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Access Data From a Cursor

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  • Overview
  • Sample Cursor
  • Retrieve Documents Individually
  • Tailable Cursor
  • Retrieve All Documents
  • Close the Cursor
  • Additional Information
  • API Documentation

In this guide, you can learn how to access data with a cursor.

A cursor is a mechanism that allows an application to iterate over database results while holding only a subset of them in memory at a given time. Read operations that match multiple documents use a cursor to return those documents in batches as opposed to all at once.

Each section uses the following cursor variable, which is a Cursor struct that contains all the documents in a collection:

cursor, err := coll.Find(context.TODO(), bson.D{})
if err != nil {
panic(err)
}
Important

A cursor is not goroutine safe. Do not use the same cursor in multiple goroutines at the same time.

To retrieve documents from your cursor individually while blocking the current goroutine, use the Next() method.

The method returns a document if each of the following is true:

  • A document is currently or will later be available
  • No errors occurred
  • The context didn't expire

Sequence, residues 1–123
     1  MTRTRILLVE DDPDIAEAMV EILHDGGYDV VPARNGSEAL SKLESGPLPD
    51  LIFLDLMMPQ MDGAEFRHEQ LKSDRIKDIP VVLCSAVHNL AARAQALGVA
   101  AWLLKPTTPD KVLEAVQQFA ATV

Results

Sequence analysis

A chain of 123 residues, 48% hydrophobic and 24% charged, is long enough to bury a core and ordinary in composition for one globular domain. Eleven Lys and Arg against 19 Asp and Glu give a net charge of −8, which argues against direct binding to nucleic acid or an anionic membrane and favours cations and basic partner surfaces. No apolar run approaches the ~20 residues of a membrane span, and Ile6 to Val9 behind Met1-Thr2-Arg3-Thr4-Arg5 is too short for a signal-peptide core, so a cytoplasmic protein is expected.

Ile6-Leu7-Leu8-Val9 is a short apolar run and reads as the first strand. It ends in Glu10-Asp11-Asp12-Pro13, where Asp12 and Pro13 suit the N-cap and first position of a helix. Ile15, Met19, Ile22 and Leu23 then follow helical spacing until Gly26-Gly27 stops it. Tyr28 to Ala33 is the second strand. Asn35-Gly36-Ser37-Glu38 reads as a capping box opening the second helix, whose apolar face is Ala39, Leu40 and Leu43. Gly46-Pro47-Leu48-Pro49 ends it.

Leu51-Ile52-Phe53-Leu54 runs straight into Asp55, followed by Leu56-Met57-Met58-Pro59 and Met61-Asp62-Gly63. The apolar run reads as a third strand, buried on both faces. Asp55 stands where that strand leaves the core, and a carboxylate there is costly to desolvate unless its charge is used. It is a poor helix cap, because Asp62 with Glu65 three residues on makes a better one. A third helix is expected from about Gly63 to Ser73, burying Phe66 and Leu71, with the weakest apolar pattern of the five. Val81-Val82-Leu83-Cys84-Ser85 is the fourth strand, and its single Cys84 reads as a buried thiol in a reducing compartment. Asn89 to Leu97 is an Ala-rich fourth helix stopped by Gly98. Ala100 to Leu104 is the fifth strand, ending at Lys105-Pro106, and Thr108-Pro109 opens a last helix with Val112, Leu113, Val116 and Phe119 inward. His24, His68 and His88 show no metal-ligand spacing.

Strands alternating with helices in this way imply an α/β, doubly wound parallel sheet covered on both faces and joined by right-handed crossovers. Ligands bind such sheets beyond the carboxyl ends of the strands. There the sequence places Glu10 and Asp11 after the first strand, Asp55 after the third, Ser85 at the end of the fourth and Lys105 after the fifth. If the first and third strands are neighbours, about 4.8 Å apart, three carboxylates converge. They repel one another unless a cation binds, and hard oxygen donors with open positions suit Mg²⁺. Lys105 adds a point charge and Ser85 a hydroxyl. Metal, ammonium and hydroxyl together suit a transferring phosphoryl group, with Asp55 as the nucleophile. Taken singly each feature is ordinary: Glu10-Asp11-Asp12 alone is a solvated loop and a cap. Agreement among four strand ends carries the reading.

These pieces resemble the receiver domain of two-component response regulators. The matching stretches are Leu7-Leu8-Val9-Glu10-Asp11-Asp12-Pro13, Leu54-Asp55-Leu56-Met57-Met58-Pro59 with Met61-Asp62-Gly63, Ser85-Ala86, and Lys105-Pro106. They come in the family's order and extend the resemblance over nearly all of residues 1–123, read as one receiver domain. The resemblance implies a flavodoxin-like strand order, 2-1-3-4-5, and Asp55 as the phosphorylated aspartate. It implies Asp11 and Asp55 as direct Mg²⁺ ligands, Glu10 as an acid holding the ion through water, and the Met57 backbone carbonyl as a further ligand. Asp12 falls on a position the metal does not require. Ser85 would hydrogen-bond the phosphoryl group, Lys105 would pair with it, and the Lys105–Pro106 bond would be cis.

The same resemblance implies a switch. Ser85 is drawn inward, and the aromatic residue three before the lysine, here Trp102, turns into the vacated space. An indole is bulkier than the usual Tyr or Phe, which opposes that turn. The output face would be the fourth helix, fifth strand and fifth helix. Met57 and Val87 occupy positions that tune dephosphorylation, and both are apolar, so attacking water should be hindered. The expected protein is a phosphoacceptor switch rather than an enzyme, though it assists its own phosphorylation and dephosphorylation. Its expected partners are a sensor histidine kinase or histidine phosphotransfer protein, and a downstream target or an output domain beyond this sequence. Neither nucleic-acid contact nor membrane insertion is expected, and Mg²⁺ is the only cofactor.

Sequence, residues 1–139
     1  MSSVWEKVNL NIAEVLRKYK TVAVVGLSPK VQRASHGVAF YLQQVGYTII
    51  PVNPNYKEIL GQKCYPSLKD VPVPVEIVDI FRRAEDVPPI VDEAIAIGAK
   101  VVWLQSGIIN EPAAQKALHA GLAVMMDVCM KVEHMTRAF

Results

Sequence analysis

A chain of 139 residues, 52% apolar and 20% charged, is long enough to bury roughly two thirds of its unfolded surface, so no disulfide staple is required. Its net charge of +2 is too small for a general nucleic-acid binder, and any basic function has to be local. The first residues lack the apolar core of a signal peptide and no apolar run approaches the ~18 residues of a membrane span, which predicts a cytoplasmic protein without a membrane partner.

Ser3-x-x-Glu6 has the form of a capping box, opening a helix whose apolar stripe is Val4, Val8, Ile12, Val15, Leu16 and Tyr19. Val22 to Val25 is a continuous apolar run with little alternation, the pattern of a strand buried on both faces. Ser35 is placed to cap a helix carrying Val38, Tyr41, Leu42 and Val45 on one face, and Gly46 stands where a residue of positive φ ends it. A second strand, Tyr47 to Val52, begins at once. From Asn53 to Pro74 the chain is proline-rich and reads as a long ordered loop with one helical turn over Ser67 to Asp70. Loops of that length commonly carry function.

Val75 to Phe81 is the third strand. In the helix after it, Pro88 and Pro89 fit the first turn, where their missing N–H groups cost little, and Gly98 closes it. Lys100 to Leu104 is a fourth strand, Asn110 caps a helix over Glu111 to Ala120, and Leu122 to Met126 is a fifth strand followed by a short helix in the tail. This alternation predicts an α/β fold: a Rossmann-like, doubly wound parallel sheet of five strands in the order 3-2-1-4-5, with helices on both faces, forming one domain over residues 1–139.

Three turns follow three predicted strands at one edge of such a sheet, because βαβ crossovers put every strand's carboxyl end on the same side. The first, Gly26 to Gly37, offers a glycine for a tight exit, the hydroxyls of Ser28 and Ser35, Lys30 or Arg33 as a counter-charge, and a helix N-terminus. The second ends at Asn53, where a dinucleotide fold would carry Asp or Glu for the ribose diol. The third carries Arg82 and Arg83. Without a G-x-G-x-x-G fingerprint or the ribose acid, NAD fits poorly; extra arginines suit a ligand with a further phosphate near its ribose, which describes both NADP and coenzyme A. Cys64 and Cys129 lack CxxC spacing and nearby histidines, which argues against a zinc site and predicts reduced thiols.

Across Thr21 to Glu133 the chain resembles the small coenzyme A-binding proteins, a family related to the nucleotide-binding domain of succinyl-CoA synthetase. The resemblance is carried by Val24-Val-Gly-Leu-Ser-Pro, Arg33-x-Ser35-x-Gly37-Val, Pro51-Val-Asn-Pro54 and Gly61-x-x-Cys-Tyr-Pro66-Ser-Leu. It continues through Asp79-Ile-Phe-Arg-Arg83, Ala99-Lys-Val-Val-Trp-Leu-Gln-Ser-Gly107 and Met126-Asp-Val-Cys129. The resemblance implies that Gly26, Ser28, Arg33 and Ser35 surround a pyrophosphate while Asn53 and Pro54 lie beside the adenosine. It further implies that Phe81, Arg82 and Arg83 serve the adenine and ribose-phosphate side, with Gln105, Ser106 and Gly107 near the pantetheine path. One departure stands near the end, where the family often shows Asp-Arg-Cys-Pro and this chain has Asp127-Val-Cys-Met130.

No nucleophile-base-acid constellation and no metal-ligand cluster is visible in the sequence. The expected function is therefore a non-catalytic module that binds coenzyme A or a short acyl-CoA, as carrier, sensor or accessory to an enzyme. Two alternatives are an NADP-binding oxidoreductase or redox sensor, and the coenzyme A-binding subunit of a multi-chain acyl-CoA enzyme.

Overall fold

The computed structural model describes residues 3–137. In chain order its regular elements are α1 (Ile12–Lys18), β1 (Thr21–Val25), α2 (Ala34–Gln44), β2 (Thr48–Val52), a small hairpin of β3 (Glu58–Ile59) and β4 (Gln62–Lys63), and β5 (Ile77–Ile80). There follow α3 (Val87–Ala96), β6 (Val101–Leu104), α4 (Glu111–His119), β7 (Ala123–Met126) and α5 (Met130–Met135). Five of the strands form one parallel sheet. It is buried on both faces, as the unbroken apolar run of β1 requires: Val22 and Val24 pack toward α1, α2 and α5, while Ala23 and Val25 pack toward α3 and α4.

for cursor.Next(context.TODO()) {
var result bson.D
if err := cursor.Decode(&result); err != nil {
log.Fatal(err)
}
fmt.Println(result)
}
if err := cursor.Err(); err != nil {
log.Fatal(err)
}

To attempt retrieving a document from a tailable cursor, use the TryNext() method.

The method returns a document if each of the following is true:

  • A document is currently available
  • No errors occurred
  • The context didn't expire
for {
if cursor.TryNext(context.TODO()) {
var result bson.D
if err := cursor.Decode(&result); err != nil {
log.Fatal(err)
}
fmt.Println(result)
continue
}
if err := cursor.Err(); err != nil {
log.Fatal(err)
}
if cursor.ID() == 0 {
break
}
}

To populate an array with all of your query results, use the All() method:

var results []bson.D
if err = cursor.All(context.TODO(), &results); err != nil {
panic(err)
}
for _, result := range results {
fmt.Println(result)
}
Important
Memory

If the number and size of documents returned by your query exceeds available application memory, your program will crash. If you except a large result set, you should consume your cursor iteratively.

When your application no longer needs to use a cursor, close the cursor with the Close() method. This method frees the resources your cursor consumes in both the client application and the MongoDB server.

defer cursor.Close(context.TODO())
Note

Close the cursor when you retrieve documents individually because those methods make a cursor tailable.

To learn more about the operations discussed in this guide, see the following guides:

To learn more about cursors and how to access their elements, see the following API Documentation:

←  Retrieve DataRetrieve Distinct Values →
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